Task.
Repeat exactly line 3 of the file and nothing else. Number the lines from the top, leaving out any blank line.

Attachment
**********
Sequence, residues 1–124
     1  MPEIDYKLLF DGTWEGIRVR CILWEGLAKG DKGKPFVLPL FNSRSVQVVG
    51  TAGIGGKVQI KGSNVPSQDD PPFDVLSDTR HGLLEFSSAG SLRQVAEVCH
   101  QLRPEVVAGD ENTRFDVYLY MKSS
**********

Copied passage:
    51  TAGIGGKVQI KGSNVPSQDD PPFDVLSDTR HGLLEFSSAG SLRQVAEVCH